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News Releases
Five Surprising Allergy and Asthma Triggers that Spoil Summer Fun (May 10, 2012)
Health Risks Greater for Asthmatic Baby Boomers over Age 60 (May 1, 2012)
Free Asthma and Allergy Screenings Offered Nationwide (April 23, 2012)
Record Pollen Counts Cause Even More Misery (March 20, 2012)
What Four Factors Influence the Severity of Allergy Season? (March 8, 2012)
Are You Making Your Spring Allergies Worse? (March 1, 2012)
Almost Half of Asthma Sufferers Not Using Needed Controller Medications (Feb. 25, 2012)
ACAAI Recognizes Teva Respiratory for its Support of Important Respiratory Initiatives
Aspirin-Exacerbated Respiratory Disease Linked to Childhood Second-Hand Smoke Exposure (December 19, 2011)
Six Tips to Ensure Allergies And Asthma Don't Ruin Holiday Cheer (December 2011)
Thanksgiving Holiday Stuffed with Allergy, Asthma Triggers (November, 2011)
Unplug Indoor Pollutants for a Breath of Fresh Air (November 6, 2011)
Love Your Pet Not Your Allergy? (November 6, 2011)
Wine May Please the Palate but Not the Immune System (November 5, 2011)
Research Examines Asthma Control and Anaphylaxis Guidelines to Improve Outcomes for Adults with Allergies and Asthma (November 5, 2011)
Research Highlights New Interventions, Recommendations for Controlling Allergies & Asthma in Children (November 5, 2011)
Allergy Shots Fast-Track Relief and Cut Costs (November 3, 2011)
Don't Let Allergies, Asthma Spoil Halloween Fun (October 1, 2011)
Mold Exposure During Infancy Increases Asthma Risk (August 2, 2011)
Study Up for Sneeze and Wheeze-Free School Year (August 1, 2011)
Global Warming Extends Ragweed Allergy Season (July 28, 2011)
Childhood Asthma Linked to Depression during Pregnancy (July 5, 2011)
Allergists Update Stinging Insect Guidelines (June 16, 2011)
Don't Let Allergies, Asthma Spoil a Summer Soiree (June 15, 2011)
Cure Summertime Allergies - It's Worth a Shot (June 5, 2011)
Athletes with Allergies, Asthma Can Play it Safe (June 1, 2011)
Flood Water Can Make Air In Homes Unhealthy (April 29, 2010)
Free Screenings Launch in May's National Asthma Awareness Month
Pregnancy anemia linked to childhood wheezing and asthma (March 10, 2011)
Spring allergy Sufferers: Be Wary of Treatment Myths, March 4, 2011
Most Americans Recognize Allergies are Serious, Don't Know Who Should Treat Condition

Tips for a Misery-Free Turkey Day


ARLINGTON HEIGHTS, Ill (November 1, 2011) - Thanksgiving is about family, food and travel. And for the millions of Americans with allergies or asthma, it’s about navigating a minefield of triggers, from the pumpkin pie to the dusty guest bedroom.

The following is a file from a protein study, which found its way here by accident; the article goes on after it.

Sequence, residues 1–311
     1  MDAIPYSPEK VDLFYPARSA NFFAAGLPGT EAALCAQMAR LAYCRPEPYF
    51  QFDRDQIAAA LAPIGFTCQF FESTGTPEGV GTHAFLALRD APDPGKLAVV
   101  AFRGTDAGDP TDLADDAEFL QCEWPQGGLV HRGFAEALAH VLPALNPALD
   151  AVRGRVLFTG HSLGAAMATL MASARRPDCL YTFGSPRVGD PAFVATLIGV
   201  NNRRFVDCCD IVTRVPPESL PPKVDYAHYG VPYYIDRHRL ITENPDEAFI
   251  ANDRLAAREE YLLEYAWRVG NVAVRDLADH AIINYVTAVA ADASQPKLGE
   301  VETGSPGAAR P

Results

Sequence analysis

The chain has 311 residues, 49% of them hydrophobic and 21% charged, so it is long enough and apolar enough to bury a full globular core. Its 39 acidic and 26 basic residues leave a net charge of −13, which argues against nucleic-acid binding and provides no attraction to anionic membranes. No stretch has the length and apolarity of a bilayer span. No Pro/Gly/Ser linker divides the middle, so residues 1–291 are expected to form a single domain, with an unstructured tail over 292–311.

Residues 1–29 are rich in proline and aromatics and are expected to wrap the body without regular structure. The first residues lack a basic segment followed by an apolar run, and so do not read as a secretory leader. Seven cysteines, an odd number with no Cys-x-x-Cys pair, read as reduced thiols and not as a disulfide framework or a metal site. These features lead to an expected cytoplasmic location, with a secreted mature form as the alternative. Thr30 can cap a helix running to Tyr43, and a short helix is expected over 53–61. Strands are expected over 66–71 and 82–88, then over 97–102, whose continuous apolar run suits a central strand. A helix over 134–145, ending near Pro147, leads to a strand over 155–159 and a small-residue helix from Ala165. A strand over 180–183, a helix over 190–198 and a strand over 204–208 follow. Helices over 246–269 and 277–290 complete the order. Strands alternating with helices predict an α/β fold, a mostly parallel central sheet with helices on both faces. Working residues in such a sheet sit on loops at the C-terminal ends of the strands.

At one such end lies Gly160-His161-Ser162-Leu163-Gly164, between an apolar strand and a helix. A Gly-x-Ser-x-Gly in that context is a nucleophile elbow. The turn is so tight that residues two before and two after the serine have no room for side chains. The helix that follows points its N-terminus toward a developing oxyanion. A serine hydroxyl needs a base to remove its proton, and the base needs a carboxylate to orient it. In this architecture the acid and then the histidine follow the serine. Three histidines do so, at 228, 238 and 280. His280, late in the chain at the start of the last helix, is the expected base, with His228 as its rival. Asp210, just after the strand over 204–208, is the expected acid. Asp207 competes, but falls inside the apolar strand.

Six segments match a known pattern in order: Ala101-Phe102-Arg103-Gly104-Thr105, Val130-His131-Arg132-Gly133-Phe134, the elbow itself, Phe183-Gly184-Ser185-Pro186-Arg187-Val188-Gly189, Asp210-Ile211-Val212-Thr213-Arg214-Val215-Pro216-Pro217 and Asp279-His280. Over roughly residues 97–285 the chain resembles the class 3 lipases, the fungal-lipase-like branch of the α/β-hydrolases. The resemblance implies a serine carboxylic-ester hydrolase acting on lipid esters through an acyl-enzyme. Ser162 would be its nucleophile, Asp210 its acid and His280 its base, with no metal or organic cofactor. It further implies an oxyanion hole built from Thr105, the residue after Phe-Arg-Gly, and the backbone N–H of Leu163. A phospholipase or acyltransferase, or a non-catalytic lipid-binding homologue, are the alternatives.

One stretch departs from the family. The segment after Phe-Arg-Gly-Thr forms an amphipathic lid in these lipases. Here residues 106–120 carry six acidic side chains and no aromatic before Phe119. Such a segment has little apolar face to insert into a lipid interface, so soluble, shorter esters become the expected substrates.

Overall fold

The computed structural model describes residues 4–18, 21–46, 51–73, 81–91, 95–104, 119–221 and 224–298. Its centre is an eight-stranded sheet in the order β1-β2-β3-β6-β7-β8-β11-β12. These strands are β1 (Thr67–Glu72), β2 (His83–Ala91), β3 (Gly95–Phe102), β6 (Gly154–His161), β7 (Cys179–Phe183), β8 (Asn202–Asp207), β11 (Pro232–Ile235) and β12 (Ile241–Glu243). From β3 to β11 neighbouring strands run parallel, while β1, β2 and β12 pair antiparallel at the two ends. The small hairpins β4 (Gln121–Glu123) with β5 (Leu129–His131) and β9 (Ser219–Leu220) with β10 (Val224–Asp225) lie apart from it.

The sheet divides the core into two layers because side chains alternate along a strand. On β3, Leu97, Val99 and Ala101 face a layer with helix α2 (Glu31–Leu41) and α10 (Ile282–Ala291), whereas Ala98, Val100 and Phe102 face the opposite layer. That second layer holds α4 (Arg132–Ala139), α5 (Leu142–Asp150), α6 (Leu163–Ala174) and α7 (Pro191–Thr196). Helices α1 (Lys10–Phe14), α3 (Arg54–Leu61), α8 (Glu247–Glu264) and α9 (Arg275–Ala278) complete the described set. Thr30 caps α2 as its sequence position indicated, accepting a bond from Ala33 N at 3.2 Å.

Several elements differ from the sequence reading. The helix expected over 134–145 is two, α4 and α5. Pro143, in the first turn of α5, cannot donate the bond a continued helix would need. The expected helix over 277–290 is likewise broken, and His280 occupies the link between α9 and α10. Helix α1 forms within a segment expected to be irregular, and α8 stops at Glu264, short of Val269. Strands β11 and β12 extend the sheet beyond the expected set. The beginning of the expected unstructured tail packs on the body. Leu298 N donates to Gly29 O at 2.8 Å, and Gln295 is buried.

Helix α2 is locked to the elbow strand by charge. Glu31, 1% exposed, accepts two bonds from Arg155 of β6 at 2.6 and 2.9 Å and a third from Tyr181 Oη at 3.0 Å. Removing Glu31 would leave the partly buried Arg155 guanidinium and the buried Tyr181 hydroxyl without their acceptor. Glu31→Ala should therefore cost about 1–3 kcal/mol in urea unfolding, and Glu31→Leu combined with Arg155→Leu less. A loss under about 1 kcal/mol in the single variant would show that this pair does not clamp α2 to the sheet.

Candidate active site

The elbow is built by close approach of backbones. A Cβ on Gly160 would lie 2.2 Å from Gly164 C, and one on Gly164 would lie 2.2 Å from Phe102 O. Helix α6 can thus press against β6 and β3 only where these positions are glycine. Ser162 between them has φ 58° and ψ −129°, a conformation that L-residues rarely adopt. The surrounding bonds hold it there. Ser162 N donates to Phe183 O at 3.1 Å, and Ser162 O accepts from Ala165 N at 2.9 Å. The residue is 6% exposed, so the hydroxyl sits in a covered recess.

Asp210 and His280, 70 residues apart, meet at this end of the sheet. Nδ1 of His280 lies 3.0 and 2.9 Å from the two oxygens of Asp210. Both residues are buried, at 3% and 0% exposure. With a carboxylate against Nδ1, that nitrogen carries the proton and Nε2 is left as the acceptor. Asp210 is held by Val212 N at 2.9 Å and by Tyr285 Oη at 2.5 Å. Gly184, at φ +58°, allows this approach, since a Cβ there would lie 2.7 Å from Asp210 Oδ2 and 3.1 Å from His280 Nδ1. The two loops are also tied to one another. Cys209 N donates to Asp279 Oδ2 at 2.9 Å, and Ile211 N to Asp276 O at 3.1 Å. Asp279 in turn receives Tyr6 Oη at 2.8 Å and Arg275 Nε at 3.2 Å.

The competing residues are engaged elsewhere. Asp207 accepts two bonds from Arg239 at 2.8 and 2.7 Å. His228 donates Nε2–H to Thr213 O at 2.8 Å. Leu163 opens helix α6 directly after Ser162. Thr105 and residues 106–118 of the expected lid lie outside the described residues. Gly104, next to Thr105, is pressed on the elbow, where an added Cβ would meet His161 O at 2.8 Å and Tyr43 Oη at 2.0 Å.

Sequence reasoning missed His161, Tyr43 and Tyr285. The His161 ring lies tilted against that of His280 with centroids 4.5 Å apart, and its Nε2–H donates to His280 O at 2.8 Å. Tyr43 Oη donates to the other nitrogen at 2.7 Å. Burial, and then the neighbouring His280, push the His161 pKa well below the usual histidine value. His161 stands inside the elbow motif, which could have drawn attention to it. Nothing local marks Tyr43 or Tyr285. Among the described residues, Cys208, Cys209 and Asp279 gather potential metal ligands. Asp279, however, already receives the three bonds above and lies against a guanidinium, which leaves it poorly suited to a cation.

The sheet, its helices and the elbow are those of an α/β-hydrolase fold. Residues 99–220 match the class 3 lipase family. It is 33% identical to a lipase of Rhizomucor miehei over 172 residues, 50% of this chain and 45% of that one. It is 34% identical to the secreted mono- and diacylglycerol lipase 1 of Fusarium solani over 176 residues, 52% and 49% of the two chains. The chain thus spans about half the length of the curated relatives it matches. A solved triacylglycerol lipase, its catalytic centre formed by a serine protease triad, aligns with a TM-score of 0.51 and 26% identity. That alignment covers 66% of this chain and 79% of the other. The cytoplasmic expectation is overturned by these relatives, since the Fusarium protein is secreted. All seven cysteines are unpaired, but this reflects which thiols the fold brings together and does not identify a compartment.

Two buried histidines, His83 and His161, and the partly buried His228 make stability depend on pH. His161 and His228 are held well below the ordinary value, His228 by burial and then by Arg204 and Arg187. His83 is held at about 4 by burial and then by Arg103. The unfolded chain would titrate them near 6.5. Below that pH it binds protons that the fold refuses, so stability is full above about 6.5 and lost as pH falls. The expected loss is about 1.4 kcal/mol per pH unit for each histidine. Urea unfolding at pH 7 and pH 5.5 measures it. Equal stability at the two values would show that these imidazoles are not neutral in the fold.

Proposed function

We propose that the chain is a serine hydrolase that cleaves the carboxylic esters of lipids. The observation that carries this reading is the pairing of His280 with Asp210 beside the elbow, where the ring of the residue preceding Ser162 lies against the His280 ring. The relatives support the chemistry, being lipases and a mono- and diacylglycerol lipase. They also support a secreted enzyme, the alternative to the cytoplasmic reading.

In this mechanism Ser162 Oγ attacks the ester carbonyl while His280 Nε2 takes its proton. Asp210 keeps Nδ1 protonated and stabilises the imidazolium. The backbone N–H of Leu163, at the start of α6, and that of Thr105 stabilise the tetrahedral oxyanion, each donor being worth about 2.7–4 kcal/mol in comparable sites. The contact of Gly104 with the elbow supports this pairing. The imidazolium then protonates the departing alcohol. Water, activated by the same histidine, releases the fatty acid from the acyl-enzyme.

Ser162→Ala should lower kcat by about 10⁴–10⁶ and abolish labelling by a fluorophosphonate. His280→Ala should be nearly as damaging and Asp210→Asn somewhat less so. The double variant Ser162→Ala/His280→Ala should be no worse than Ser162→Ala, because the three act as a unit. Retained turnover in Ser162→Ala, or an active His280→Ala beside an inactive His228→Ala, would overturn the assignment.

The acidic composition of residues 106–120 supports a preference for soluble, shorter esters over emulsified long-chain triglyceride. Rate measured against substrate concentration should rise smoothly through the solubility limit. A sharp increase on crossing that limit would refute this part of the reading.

“A number of holiday-related triggers can make people sneeze, wheeze or, in the case of food allergies, have a more serious reaction,” said allergist Dr. Myron Zitt, past president of the Allergy, Asthma and Immunology (ACAAI). “But by planning ahead, the day can go smoothly for people with allergies or asthma.”

The ACAAI and its allergist members have several suggestions to help those with food allergies, environmental allergies or asthma avoid unnecessary suffering.

For guests with food allergies, the holiday feast often includes common food allergens such as wheat, soy, dairy and nuts:

n  Talking turkey – The centerpiece of the Thanksgiving meal may seem safe, but self-basting turkeys can include soy, wheat and dairy. A natural turkey is your best bet since by law it must contain nothing but turkey and water. Also, be sure the stuffing is made from wheat-free bread.

n  On the side – For allergen-free mashed potatoes, swap the milk and butter for chicken broth and margarine. Use corn starch to thicken the gravy instead of wheat flour. And forget about topping the green bean casserole with slivered almonds.

n  Now for dessert – Even though pumpkin allergies are rare, America’s favorite Thanksgiving pie can cause problems. Be sure to offer alternative desserts. To be on the safe side, suggest guests with serious food allergies bring their own sweet treats. 

 Watch out for environmental triggers, as well: 

n  Wash-up woes – Aunt Sophie’s fancy guest soap may contain fragrance that can cause allergic contact dermatitis. Use the regular soap or bring your own.

n  Problem pets – If you’re allergic to furry animals, asking grandma to lock her cat in the basement during your visit will do little if anything to ease your misery.  That’s because pet dander gets everywhere and is difficult to eradicate.  However, you can help yourself by taking symptom-easing medications prior to your visit. An allergist can recommend treatments for your pet allergy, such as antihistamines, nasal sprays, decongestants or appropriate asthma medications.

n  No rest for the allergic – Dust mites are one of the most common allergy and asthma triggers. To prevent your allergic guests from sneezing all night long, thoroughly dust the extra bedroom and wash bedding in hot water.  If you have allergies and are doing the visiting, pack your own pillow or allergen-proof pillow cover.

Think you may have allergies or asthma, but aren’t sure of the cause?  An allergist may suggest allergy testing to determine the trigger and help find relief.  Find an allergist near you.



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